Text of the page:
The Carnegie Corporation of New York has announced five grants totaling $5 million in support of projects aimed at improving the transfer of global affairs research and expertise from academia to the policy world.
Part of Carnegie's Rigor and Relevance Initiative, the grants of $1 million each were awarded through a competitive program that challenged the twenty-two U.S.-based members of the Association of Professional Schools of International Affairs to address ongoing concerns over the gap between the scholarly work of academics and the needs of policy makers who deal with the same complex international issues. An important objective of the grants is to encourage universities to address tenure rules that widen the gap by not recognizing policy research and articles written for non-academic publications or as part of assignments outside the university. Recipients also will be expected to find ways to connect policy makers and practitioners with their respective universities, either in person or virtually, on specific issues of international importance.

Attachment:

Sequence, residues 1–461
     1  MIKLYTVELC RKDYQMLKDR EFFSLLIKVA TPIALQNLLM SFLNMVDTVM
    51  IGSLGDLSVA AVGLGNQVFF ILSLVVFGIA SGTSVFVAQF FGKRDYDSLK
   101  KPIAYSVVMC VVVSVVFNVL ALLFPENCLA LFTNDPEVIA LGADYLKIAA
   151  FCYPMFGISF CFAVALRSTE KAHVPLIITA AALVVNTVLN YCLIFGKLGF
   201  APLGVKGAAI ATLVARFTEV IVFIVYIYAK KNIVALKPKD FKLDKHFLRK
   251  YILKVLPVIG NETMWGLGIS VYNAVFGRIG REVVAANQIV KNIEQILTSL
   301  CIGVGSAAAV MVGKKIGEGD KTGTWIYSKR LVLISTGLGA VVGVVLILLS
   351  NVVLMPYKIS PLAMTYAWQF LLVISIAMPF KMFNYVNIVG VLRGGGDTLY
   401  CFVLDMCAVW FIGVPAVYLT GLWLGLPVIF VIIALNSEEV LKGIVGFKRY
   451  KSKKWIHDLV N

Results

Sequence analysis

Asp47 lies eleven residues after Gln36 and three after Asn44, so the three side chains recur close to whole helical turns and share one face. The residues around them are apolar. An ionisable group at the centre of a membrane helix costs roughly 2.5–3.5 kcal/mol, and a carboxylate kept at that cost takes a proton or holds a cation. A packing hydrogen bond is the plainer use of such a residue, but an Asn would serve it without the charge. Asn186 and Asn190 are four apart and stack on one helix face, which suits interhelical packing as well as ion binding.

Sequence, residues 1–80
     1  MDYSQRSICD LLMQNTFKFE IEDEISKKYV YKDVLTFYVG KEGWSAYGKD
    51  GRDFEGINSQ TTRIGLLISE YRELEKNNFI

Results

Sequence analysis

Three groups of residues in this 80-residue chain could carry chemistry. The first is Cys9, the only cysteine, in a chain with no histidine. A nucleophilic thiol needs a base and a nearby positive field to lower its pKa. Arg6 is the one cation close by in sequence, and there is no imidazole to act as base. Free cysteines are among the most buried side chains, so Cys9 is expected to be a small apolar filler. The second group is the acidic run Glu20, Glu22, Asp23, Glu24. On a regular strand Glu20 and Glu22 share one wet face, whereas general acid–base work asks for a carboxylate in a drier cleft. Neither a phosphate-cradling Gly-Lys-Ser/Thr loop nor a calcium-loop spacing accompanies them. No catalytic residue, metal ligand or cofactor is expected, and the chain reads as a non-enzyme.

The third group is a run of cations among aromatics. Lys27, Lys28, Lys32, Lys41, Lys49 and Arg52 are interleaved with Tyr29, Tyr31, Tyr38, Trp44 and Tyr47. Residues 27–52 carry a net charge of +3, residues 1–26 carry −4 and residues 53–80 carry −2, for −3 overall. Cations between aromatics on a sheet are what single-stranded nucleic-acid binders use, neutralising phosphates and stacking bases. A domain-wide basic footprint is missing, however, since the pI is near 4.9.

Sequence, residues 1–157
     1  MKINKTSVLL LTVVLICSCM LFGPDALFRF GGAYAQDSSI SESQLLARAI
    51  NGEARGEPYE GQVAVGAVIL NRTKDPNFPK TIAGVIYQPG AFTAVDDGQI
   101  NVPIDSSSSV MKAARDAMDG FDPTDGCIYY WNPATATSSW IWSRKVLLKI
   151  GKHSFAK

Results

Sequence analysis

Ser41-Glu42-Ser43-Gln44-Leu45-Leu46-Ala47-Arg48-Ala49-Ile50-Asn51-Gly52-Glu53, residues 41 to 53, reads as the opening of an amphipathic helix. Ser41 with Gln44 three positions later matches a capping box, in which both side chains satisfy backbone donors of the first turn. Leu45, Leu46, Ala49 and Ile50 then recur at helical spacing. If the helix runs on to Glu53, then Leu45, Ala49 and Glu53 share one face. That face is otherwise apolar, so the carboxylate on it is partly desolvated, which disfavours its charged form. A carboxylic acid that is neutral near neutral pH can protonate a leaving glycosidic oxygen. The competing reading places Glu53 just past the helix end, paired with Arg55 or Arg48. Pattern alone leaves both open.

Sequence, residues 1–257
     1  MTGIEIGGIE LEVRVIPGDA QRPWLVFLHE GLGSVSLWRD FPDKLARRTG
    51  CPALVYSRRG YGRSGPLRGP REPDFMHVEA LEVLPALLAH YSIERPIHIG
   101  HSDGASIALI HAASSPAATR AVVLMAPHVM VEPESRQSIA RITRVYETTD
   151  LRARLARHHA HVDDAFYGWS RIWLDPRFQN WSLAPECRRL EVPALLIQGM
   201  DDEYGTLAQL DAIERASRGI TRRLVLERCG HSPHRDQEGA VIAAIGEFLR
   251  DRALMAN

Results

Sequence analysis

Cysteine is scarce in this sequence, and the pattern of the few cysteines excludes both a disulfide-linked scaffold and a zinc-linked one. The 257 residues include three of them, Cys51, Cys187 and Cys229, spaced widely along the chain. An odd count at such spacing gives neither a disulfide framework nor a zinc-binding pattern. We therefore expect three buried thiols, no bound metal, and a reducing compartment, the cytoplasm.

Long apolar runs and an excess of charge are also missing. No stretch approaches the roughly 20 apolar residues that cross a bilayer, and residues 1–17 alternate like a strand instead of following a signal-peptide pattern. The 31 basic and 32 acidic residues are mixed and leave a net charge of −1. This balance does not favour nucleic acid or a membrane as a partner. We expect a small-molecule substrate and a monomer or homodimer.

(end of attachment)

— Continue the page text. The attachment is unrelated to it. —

Grant recipients include Columbia University's School of International and Public Affairs ("Launching a global hub for research and consultation on cyber policy"); Syracuse University's Maxwell School of Citizenship and Public Affairs ("Creating a multi-institutional consortium and network of policy-relevant scholars"); Tufts University's Fletcher School of Law and Diplomacy ("Developing strategies for enhancing legitimacy in fragile states"); the University of Denver’s Josef Korbel School of International Studies ("Researching the peacebuilding role of non-violent, non-state actors"); and the University of Washington’s Jackson School of International Studies ("Targeting urgent international security issues through collaboration").
"There is a widely held belief that academic research is becoming increasingly less relevant to policy makers and, more broadly, to public debate on a dizzying array of global developments," said Stephen Del Rosso, director of the foundation’s International Peace and Security program. "These grants represent our largest targeted investment to date in support of our longstanding interest in bridging the research-policy gap."